From Farm to Table: The Sacrifice of Eating Meat

| 1/12/2015 4:18:00 PM

Tags: raising meat, livestock, Lyndsay Dawson Mynatt, Washington,

I recently saw a sticker posted on a stop sign with the words “eating meat.” I wanted to add, “factory farmed,” to it. That would at least make it more truthful to me. The past few years have been a journey on making the transition to eating farm to table, of attempting to comprehend the ins and outs of our food system. I have reached the conclusion that eating meat isn’t necessarily bad. It is the unethical practices and quantity consumed that should be drastically changed. Often as it goes, theory to application is not instantaneous, but a process. When I reached the point of declarative change, I needed a place to begin that wasn’t cold turkey.

Raising Your Own Meat: Where to Begin

My starting point was purchasing organic meat from the grocery store even though the cost wasn’t affordable. Sometimes less is more, and in this case, the sacrifice for less meat was worth the cost. Shortly after, I discovered a cheaper alternative with Zaycon Foods. Zaycon is a privately owned meat distributing company based out of Spokane, Washington, which is 4 hours from where I live. Their focus is to provide meat without added hormones, additives, or artificial ingredients directly to consumers, fresh from the farm or processor. Zaycon hosts events in different locations throughout the state, highlighting certain products, such as chicken, pork, beef, or fish in 40-lb cases. Customers buy in advance, and then meet a delivery truck at a specific time, date, and location. This seemed to be a sustainable model, and was a good solution for a while. The price was a bargain, the direct delivery and freshness ensured quality, but I started wondering where the meat was actually coming from—more specifically, which local farms were being used. Looking into it, I found that Zaycon uses the best of the larger farms, and takes precaution with ethical practices, but is unable to support smaller or organic farms due to growing demands. Warning—the rabbit hole gets deep on these issues. Be careful what you look for. Although Zaycon had become a better solution, it still didn’t seem to be the best.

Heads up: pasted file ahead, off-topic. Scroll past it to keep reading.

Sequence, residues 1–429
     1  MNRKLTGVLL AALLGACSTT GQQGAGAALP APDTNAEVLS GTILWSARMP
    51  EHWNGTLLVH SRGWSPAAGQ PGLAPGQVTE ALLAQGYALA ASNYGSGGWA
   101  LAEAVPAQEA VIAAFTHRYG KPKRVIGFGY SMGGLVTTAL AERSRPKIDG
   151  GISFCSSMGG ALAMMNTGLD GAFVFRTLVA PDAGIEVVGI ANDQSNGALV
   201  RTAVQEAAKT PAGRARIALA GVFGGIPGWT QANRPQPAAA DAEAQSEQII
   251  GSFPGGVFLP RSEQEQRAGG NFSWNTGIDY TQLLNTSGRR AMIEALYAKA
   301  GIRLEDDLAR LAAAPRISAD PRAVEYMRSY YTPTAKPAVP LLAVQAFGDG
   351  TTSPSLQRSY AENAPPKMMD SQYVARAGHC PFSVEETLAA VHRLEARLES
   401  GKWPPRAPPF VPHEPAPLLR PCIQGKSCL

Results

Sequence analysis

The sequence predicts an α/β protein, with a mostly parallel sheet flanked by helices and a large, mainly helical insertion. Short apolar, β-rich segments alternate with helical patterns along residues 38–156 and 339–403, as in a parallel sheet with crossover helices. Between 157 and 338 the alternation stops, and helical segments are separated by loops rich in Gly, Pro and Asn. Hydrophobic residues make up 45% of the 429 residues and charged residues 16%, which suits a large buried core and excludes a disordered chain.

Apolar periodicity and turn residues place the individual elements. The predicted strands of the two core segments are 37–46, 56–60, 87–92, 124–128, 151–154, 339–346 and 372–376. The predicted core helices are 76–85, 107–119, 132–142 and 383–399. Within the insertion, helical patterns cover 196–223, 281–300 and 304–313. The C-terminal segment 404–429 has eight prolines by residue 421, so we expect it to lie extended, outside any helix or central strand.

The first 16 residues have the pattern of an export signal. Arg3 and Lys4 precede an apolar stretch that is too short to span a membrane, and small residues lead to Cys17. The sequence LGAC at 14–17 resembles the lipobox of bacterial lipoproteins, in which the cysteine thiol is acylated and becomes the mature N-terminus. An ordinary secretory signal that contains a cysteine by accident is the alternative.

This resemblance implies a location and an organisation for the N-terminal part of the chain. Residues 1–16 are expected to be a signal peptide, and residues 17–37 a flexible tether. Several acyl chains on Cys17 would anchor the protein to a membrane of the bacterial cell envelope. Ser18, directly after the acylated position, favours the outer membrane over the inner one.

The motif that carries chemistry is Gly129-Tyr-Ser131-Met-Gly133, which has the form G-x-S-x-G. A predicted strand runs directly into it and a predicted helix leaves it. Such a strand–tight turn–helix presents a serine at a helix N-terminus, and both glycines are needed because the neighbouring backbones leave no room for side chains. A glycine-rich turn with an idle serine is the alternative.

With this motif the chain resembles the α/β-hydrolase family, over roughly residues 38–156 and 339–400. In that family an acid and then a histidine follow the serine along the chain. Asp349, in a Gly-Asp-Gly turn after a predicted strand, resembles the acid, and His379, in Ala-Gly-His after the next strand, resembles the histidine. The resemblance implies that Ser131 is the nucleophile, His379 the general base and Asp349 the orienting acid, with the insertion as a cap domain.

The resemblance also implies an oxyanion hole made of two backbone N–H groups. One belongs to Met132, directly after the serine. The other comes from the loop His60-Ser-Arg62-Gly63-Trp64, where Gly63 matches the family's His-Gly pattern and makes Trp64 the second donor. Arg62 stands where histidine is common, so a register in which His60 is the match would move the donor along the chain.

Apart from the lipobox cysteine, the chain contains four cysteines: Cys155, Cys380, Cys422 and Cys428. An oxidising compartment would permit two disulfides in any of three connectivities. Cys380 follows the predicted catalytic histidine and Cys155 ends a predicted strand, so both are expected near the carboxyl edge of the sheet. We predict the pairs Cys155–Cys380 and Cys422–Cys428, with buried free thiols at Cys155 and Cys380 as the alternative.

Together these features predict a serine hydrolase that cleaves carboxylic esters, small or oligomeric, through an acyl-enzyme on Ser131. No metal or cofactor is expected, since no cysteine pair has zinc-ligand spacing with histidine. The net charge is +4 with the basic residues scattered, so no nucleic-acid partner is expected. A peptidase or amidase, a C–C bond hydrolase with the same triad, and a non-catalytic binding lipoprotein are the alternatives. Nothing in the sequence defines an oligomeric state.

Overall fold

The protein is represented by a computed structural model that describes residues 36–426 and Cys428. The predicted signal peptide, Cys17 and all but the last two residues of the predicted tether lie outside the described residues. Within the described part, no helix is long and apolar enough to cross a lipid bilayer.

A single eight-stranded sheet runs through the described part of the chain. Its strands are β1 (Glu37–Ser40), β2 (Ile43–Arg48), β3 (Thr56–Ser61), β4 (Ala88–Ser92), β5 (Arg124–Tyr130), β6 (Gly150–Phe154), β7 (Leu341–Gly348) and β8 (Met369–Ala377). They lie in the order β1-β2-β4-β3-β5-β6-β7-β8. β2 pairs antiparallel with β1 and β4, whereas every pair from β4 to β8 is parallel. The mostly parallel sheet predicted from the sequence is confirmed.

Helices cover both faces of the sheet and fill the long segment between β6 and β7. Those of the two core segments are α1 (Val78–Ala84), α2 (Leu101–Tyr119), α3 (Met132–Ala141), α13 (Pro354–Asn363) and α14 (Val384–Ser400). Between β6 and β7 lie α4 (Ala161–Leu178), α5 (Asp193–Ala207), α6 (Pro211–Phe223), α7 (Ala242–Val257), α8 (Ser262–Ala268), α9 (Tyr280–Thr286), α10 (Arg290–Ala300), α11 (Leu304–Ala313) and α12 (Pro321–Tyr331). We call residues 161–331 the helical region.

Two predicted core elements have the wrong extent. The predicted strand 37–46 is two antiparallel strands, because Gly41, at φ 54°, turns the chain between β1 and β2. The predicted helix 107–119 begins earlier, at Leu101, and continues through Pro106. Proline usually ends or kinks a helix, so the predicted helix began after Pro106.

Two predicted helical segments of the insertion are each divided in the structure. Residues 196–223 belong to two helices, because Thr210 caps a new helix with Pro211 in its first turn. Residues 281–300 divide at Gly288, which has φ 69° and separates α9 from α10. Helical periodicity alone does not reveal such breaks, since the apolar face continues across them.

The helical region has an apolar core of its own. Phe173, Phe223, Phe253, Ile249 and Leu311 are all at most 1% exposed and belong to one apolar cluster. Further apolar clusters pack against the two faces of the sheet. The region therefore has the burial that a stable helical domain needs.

A Better Solution

In June 2013, I had the incredible opportunity to watch Joel Salatin and David Schafer demonstrate how to process poultry at the MOTHER EARTH NEWS FAIR in Puyallup, Wash. Watching the sacrifice from life to death was a humbling experience. At that moment, I more clearly understood the cost of eating meat, the exchange of life to fuel mine. Internally I changed. Even though not all decisions after that point fully reflected those deep convictions, I could no longer be ignorant to the true cost.

The goal transitioned to hunting, fishing, or raising our own meat. Hunting didn’t pan out and fishing was only marginally successful. The last step was a journey in raising our own meat. In May we bought four bummer wethers.

2/23/2018 12:50:23 PM

There would be considerably less meat eaten in this world if the eater was required to kill the animals that provide it, especially if those animals were ones with which the eater had raised. This piece very nicely summarizes the trials and ( dare we say squeamishness?) that accompanies paying the cost of being a meat eater. Thanks for a job well done.

2/22/2018 1:04:47 PM

Thank you for sharing your experience, and your statements about the moral side of eating meat.

2/22/2018 1:04:46 PM

Thank you for writing this piece. You are correct when you say that eating meat is a moral issue. I am inclined to side with my vegan daughter's perspective. But, I am also an omnivore and a meat eater. I appreciate your comments on buying the more expensive, sustainable meat products. Again, thank you.

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